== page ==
She said council staff were still “frantically” trying to arrange hotel rooms for people on Sunday afternoon.
People were seen bringing food to the centre while some residents were heard saying the situation was “madness” and describing the scene as “absolute chaos”.
Chalcots Estate resident confronts Camden Council leader Georgia Gould over evacuation
One mother, Fadumo Salah, said she had not been able to sleep in days because her and her family had been staying in the leisure centre since Friday.
She told The Independent she had been given a new number on Sunday morning and had been told to wait in a queue.
“We are in a queue and they keep saying ‘Go back, go back we’ll call you’ and they never call you”.
Another mother who was placed in a bed and breakfast said she cannot stay there as she has no way to feed her four children.
Farah Ikran said she was staying in a room with no fridge or cooker and could not feed her one-year-old daughter with takeaways.
“They are doing nothing. They are saying you get £100 but we don’t need money. We need a place for our kids”, she told The Independent. “Money is nothing to us, even if she gives us £10,000, it is nothing.”
She said she was originally told she would be staying there for just one night but has now been told she may have to stay for two weeks.
Woman engages passionately with Camden Council leader Georgia Gould
She said: “I am not going to stay for 14 nights. I have a child, one-year-old, she is not eating takeaway. Why are they kicking us out of our houses? Why are they kicking out kids?
“They are the ones who created this problem. They need to solve it, they need to open up their houses. They have houses. They have a hundred empty properties they are getting ready now and they are not doing anything.”
Police officers outside Dorney Tower, part of the Chalcots Estate in Camden where residents have been forced to evacuate (AP)
Camden Council made the decision to evacuate after it found that in addition to the cladding, there were numerous fire risks inside the towers such as inadequate fire doors, gas pipes and insulation.
But Ms Berry, who is also a London Assembly Member, said the London Fire Brigade would have forced the council to act if they did not do so voluntarily.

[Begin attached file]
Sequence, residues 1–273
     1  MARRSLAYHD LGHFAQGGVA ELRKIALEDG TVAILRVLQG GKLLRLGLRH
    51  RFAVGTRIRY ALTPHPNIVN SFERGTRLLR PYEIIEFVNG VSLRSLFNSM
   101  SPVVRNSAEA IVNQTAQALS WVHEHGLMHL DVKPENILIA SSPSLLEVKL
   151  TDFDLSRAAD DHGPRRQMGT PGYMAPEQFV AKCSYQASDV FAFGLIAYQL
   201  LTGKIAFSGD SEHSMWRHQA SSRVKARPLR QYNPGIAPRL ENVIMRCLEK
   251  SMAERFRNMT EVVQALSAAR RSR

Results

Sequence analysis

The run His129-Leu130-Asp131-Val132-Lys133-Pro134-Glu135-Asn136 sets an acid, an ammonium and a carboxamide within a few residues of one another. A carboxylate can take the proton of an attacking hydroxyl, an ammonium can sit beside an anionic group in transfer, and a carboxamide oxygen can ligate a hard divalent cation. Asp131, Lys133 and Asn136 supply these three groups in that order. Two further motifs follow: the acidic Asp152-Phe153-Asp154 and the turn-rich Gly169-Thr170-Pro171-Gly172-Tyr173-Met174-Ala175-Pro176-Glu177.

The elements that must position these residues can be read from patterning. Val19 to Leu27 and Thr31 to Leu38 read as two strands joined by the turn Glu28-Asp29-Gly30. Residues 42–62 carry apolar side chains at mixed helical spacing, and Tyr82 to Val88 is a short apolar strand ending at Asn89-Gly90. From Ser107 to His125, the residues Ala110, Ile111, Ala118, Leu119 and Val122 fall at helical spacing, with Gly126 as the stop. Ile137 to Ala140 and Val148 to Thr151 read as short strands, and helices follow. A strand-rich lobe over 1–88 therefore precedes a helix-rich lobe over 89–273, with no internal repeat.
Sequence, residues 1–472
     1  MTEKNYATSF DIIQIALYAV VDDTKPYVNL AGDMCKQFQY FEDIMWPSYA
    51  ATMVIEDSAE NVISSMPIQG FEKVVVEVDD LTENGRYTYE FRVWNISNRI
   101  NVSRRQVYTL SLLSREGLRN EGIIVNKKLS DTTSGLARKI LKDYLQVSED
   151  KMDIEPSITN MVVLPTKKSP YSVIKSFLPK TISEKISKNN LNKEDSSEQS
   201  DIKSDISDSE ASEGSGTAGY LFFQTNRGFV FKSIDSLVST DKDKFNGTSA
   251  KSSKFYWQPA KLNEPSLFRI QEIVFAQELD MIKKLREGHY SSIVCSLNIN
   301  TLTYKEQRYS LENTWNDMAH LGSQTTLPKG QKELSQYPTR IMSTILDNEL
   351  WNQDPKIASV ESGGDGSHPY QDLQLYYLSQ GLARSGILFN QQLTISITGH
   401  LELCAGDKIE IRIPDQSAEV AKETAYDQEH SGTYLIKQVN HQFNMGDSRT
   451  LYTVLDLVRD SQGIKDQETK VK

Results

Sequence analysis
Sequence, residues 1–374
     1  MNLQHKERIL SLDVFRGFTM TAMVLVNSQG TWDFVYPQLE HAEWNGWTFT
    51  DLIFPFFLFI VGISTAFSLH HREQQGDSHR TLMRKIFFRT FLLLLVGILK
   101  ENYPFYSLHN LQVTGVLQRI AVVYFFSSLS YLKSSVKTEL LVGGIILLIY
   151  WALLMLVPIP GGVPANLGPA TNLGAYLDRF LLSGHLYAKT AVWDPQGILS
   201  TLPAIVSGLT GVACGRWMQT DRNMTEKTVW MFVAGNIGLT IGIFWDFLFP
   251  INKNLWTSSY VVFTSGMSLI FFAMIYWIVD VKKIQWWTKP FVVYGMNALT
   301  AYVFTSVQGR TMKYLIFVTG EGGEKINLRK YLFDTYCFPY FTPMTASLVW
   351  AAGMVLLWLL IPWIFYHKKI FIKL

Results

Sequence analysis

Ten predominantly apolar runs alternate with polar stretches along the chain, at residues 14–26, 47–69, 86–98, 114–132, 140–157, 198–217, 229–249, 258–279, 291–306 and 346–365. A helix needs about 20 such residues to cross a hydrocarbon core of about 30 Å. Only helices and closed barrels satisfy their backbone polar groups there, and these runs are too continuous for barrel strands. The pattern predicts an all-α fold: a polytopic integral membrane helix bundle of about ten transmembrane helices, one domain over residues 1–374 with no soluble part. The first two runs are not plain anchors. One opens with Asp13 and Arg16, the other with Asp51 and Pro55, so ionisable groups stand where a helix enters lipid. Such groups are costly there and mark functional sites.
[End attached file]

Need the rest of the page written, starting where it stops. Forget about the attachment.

She said: “It was not a voluntary decision.
“I’m fed up of listening to radio debates about whether this is necessary. It is necessary because they said so.
Grenfell Tower survivors to be housed in 375 Kensington High Street
“They are the experts. And they would have issued a legal notice if Camden weren’t doing this voluntarily.”
She said the council should have evacuated on Thursday morning when they first began testing as the cladding as they should have known about the internal fire safety issues in the tower.
Camden Council leader Georgia Gould said she would be personally knocking on doors to try to persuade people to leave.
She told BBC News some residents have issues, including agoraphobia, and want to be sure they have got suitable accommodation before moving out of their flats.
“I’m going myself back to the blocks to knock on doors and have those conversations,” she told BBC News.
She added: “The last thing I want to do is force people out of their homes, and the conversations I have been having with residents in these buildings is that they are happy to work with us.”
The four of the towers on the estate have been evacuated (AP)
The council said it could take two to four weeks for the four blocks to be made safe. It said it would cover the cost of hotel rooms up to £200 a night.
Ms Gould said in a statement on Sunday evening: “Our focus is on making residents as comfortable as possible, and we’re working as fast as we can to move residents through the rest centre and into hotels and other suitable accommodation.
“Where residents would like to book their own hotel rooms, we’ll cover the cost of up to £200 per room per night, we just need residents to give us a receipt. We’ll also be making brand new flats we’ve built at Maiden Lane available for evacuated families for a temporary period.
“Evacuated residents have been so patient this weekend in difficult circumstances and our focus is on ensuring everyone has a proper bed as soon as we can.”
DCLG had said many more samples from tower blocks around the country still need to be tested.
A spokesman told The Independent local authorities were not planning to evacuate any other buildings for the time being as the other towers did not have the same internal fire safety problems like Chalcots Estate.